The first big structure we visited was the Holy Cross Church established in 1848, still retaining some of its antiquity. There was also a smaller church dedicated to Our Lady of Fatima. Pullichira Church was also among those churches visited, and its serene location added to the spirituality; as a great Marian pilgrim centre situated on the banks of Pullichira Lake. Martha Mariam Church of Thevalakara was also there for the visit. The Holy Family Church is another structure with its own beauty. I had to forget the names of the churches which I visited in the Kollam city, as the pages of my life turned at a high speed, and the same is the case of one of those beautiful temples which had such a peaceful atmosphere. The time does move incredibly fast, and this case is also not of any great wonder. There was that time when I visited and really enjoyed Kollam, but now it has faded away upto an extent with only those little memories which are left at some part of the soul, not easy to dig and find from under all which have managed to stay over it. It reminds us, how powerful are those bad memories and how weak are these good memories, and how much the latter hate us and try to get away from us as if there is a certain amount of hatred which is prevalent against us.

The Palaruvi Falls would take the remaining time, even as there is not much about it that can be recollected from the disoriented memory now weakening. Thenmala is not to be forgotten even if not recollected at ease, and the beaches of Kollam always retain that charm. The trip to Quilon, or the train to the South as I had often called it, had a significant role to play at a time when I was hesitant to go out and wanted to stay indoor for most of the time. It was a time when the movie watching spree at the theatres hadn’t started yet, and no mall had infatuated me with its multiplexes. In that case, the beach town of Tangasseri‎ and its light house along with the fishing harbour created a powerful influence in totality there. Now, whateve remains of the St. Thomas Fort, stays there as a historical landmark, and the Infant Jesus Church as the spiritual side of that world. It was the most significant trip of that time, as there was not much of a journey which came before it, even as much bigger journeys were to follow. This journey was a stepping stone, a pathfinder to what was to follow, and therefore, there is not enough justice done to the place through this review from the memory. This is just a collection of what I could remember and what I could find. This is that dark day on which Reliance Netconnect blocked both wordpress (not the first time) and wikipedia with no notice or known reason, which means I have to find an alternate method to post this one.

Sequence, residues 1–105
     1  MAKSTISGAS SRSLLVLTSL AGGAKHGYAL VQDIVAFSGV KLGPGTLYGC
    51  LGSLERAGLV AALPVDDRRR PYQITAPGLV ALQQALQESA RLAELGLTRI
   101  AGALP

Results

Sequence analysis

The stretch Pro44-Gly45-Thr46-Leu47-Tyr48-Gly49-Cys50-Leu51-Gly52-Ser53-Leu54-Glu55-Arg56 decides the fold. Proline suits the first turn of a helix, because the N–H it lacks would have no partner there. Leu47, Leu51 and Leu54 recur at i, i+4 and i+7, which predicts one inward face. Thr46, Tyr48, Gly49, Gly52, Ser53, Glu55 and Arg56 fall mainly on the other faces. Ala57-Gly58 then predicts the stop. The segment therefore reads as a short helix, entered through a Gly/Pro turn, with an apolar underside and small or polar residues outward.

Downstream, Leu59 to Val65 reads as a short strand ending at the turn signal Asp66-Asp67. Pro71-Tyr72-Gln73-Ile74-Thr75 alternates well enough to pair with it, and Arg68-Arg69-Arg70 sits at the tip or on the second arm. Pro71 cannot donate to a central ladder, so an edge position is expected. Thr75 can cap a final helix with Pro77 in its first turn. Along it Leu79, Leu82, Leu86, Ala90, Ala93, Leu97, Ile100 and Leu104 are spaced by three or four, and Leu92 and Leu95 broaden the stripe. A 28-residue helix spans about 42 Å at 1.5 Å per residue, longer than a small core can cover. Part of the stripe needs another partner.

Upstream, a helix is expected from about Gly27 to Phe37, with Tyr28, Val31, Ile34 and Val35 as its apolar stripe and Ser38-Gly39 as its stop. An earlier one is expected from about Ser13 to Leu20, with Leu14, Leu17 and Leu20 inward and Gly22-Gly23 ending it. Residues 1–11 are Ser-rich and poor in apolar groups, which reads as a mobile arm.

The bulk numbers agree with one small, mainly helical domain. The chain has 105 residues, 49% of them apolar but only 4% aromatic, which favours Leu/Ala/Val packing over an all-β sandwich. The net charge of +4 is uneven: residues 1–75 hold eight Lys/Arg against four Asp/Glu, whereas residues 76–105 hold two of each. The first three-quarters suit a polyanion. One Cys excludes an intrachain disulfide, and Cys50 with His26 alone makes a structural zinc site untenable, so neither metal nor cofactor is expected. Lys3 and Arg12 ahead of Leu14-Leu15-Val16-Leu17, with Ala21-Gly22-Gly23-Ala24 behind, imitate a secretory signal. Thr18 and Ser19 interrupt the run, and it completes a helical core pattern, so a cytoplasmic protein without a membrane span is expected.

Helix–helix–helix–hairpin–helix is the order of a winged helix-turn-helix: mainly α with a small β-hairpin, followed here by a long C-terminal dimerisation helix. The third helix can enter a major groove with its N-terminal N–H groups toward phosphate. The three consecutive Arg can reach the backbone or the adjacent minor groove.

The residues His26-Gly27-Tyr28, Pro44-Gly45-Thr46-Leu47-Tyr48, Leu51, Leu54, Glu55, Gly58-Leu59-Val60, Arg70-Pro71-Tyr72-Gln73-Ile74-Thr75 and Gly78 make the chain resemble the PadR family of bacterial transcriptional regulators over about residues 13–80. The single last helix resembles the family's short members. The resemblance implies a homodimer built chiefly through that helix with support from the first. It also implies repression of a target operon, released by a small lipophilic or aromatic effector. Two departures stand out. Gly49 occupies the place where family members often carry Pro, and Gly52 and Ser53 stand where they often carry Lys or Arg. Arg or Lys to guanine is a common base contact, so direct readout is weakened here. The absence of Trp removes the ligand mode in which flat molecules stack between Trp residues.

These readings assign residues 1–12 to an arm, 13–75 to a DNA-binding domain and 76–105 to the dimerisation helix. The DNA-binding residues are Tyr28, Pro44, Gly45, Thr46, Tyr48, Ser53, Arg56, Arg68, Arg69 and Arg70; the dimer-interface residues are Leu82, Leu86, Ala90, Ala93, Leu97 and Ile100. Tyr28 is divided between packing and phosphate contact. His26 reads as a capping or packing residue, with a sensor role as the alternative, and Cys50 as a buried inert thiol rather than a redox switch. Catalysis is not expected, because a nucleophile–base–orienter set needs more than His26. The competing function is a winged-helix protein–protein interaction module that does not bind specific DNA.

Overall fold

Diving out —>



73. Memoirs of the Soul

@Ringway, Greater Manchester, England.


There are a few moments when one can’t be sure what he wants to share. Sometimes it is just a fragment of a memory, and there are times when it contains a photo which is a significant captured moment; what both of these successfully accomplish is the creation of a reflection which brings back the past from the grave, and create a moment of joy in a world in which there is nothing much to be happy about; for the present moments of the lack of happiness needs these drops of awesomeness which were incredibly effective even if short-lived. As one shall never trust the future by himself, the long lost joys are to be brought back through writings, and this short writing shall bring my mind of sorrow and fruitlessness to that little past, which was a twin delight, both in an intellectual as well as spiritual manner. There shall be no prizes in guessing the destination, and there can be nothing for those who can guess the weather conditions at that moment of the beginning of happiness. What one can be assured of, is the absence of the elements of inferno and purgatorio, as well as the creepy, disturbing elements who suck up the happiness and the beauty of eternity out of us, in a beautiful world declared round by a few. But I shall make no promises, as these are the ages of the unfaithful, when the promises are expected to broken and thrown down the Empire State Building or the Petronas Towers.

It was a dark day when I arrived at the Manchester Airport, the third busiest airport in the United Kingdom after London Heathrow and London Gatwick, as well as the twenty first busiest airport in Europem supposed to have dealt with around seventeen million passengers during the year which I travelled there, and has been on the increase – seems like the total number of passengers had been on the decrease until I set my foot there, and the statistics started getting better; forgive that package of nonsense, even as the facts seem to notice that lesser number of passengers, and the reason should be something I shall never know. I had to face strange question on my arrival about the possibility of me not going back to India, but I would let a crocodile eat my bundle of surprise which evaded me, for may be I looked like a man who shall never leave the land of English literature. Manchester Airport is still the largest outside the London region, a thing which I didn’t know at that time, and that was something which could have made me happier when I set my little finger on the ground. The airport can claim more than double the passenger compared to its next non-London counterpart, and the busiest outside South East England, another fact which evaded me at that time. Well, I was surely not prepared for facts at that time, on my first visit outside Asia, which was triggered more by sudden cancelling of a trip to Jerusalem, just like that visit to Singapore and Malaysia due to a failed trip to the United States.